While Covid-19 and the current lockdown has major implications for all families, it poses particular challenges for young carers and their families, explains Dr Michael Wyness from the University of Warwick’s Centre for Education Studies.
Despite an increase in awareness of and support for young carers, there is still limited state recognition of the role that many thousands of children and young people in England play in meeting the emotional and physical needs of chronically ill parents. Data from 2011 census suggests that 166,000 children in England have significant caring responsibilities for parents with a range of physical and psychological conditions. There are a number of ways the lockdown will raise new challenges these young people.
1. Heath support
Regular and routine medical support for chronically ill parents living at home may become difficult to sustain. Where an increasing proportion of medical work is diverted to the virus, health support within the community may become less frequent. Children may have to take on more caring responsibilities within the home for their chronically ill parents.
The lockdown will have particular implications for vulnerable categories of parents at home that need to be ‘shielded’ from others. The parents of young carers are likely to come into this category. Parents rely on support from their children for certain things, in other respects chronically ill parents are still able to provide for their children. Parents and children build up a shared responsibility over time for various aspects of each other’s care. Shielding disrupts this routine, putting children under particular pressure to minimise contact with others. This could also have negative effects on young carers’ mental health.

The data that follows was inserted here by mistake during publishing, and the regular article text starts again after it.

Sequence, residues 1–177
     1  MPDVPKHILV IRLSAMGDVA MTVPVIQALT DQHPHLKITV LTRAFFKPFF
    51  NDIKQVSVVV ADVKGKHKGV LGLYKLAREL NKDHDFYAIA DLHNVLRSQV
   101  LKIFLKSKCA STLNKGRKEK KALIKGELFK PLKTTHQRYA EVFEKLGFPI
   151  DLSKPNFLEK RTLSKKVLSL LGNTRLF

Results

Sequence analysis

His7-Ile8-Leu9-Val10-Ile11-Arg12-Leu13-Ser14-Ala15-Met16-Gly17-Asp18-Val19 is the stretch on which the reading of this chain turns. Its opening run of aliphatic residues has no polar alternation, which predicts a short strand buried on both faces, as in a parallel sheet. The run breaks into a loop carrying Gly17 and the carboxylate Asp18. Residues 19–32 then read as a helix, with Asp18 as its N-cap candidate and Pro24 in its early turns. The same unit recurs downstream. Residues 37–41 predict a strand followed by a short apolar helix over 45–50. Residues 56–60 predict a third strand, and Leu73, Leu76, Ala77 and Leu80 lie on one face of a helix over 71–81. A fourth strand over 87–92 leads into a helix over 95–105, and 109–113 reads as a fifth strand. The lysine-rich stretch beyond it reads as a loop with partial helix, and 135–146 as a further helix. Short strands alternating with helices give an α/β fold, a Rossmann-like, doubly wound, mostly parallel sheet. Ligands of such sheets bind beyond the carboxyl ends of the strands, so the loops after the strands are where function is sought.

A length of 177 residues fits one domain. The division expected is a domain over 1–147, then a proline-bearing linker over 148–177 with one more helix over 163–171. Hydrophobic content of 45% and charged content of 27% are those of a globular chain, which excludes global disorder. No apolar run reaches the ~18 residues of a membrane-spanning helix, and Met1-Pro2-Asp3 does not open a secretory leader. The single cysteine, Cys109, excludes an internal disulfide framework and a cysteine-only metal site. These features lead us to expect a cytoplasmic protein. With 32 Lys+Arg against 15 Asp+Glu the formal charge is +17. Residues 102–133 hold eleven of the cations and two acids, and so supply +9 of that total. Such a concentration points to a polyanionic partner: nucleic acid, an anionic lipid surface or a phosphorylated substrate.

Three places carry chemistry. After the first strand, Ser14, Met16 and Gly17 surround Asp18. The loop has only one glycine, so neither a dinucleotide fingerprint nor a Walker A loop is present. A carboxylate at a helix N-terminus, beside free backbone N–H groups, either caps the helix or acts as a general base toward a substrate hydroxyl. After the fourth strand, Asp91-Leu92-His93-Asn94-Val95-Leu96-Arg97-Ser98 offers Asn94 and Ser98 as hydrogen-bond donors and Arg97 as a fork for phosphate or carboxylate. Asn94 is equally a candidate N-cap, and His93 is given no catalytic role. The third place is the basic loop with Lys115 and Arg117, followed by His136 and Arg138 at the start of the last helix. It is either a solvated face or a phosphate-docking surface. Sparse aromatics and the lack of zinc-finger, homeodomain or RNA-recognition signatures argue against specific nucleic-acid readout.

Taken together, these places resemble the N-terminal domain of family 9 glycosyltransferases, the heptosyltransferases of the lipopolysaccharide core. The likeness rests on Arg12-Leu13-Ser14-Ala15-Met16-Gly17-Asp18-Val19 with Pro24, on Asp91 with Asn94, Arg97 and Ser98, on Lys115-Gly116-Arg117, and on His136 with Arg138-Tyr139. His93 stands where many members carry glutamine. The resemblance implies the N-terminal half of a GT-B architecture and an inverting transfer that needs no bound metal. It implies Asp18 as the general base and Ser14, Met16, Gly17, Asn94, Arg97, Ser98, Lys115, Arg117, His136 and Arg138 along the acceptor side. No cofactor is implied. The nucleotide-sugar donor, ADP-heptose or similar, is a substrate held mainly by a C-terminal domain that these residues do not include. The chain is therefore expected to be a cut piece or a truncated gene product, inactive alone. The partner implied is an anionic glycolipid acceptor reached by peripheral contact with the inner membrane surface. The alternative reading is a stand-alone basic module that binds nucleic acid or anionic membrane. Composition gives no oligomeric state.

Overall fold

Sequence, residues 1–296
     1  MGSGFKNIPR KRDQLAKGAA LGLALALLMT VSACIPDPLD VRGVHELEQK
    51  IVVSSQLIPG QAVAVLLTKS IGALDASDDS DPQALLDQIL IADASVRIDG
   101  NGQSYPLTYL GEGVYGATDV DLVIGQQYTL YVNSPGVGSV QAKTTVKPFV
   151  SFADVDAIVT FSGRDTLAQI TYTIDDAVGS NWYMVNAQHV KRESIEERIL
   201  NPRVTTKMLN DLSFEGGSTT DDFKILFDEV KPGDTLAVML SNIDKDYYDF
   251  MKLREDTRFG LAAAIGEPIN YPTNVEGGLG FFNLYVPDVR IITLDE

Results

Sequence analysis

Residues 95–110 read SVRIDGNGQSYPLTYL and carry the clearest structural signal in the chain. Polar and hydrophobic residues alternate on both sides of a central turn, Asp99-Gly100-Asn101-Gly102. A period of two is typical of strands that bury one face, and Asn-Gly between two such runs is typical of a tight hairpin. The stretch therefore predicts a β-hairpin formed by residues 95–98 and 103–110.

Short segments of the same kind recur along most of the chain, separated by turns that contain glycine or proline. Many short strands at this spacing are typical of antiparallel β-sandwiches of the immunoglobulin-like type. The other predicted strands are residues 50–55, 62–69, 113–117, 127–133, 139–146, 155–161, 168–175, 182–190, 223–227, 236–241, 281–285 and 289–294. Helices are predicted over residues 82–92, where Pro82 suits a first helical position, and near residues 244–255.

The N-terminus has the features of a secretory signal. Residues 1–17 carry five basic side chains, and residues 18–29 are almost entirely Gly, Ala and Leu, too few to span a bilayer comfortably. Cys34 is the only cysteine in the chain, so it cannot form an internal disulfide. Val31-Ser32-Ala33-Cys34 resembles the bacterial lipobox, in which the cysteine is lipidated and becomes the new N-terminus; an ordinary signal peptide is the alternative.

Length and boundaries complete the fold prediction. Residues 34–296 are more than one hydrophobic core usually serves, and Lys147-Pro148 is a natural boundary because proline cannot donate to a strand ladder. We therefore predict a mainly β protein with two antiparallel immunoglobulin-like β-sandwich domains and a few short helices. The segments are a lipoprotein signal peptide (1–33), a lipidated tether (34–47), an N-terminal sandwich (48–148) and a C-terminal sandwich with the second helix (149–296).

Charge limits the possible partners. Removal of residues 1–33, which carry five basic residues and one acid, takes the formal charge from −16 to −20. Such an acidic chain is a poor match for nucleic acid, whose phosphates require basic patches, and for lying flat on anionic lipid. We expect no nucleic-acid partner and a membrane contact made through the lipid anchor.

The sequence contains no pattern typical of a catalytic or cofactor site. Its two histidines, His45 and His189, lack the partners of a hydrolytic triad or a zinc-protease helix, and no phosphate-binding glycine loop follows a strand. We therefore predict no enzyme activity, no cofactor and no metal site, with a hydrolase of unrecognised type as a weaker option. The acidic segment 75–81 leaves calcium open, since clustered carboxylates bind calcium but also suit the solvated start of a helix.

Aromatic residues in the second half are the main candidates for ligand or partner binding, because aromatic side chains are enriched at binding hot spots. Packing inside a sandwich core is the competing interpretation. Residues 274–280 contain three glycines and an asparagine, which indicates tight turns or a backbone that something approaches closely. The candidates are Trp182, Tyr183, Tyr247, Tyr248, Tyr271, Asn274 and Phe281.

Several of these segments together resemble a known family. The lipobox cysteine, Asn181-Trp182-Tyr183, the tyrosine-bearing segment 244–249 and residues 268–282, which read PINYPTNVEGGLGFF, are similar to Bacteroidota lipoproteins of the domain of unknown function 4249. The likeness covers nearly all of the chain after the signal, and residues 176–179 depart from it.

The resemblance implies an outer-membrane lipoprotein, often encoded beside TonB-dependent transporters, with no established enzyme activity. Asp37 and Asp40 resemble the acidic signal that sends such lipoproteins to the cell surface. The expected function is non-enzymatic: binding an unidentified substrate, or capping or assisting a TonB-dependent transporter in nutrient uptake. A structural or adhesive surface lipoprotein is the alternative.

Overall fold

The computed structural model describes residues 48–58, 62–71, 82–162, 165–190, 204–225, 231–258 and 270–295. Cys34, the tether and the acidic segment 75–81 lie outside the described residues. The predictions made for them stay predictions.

Young carers are used to popping out for small amounts of food and medicine to the local corner shop and pharmacy within walking distance of their homes. While many of these shops remain open, young carers will also have to travel longer distances to supermarkets for food and medicine. Moreover, children will have to follow the strict rules on shopping, sometimes with minimal instruction from adults. This will add more stress to children with caring responsibilities, highly sensitised to the vulnerable status of their parents.
Research suggests that young carers have more difficulty attending school, completing their homework and maintaining friendship networks than children with no caring responsibilities. However, young carers continue to juggle their caring responsibilities with their schooling and socialising. The school becomes an important social focal point for young carers: support groups in some schools, set up by teachers and young carers, value the routine social contact that children have with their peers and friends. The closure of schools due to Covid-19 has temporarily suspended valuable face-to-face social engagement with others and young carers will struggle to maintain their school work at home without consistent adult support.
5. Respite and relaxation
In the absence of statutory support for young carers, local organisations and charities are often the main source of advice and respite. Many of the charities will provide information and support through their websites. Nevertheless, there is now no opportunity to physically interact with other young carers and gain valuable time outside caring and schooling for rest and relaxation.
Underlying challenges and Covid-19
While new challenges present themselves, there are also two ongoing and underlying challenges which young carers cope with anyway which are compounded by Covid-19.
1. Fear of disclosure
There is still a tendency to let as few people as possible know about the extent of children and young people’s caring responsibilities. There is what we might refer to as a ‘dark figure’ of young carers, that is, data on the numbers of child carers is based on recorded and reported figures, rather than the absolute figures of all young carers.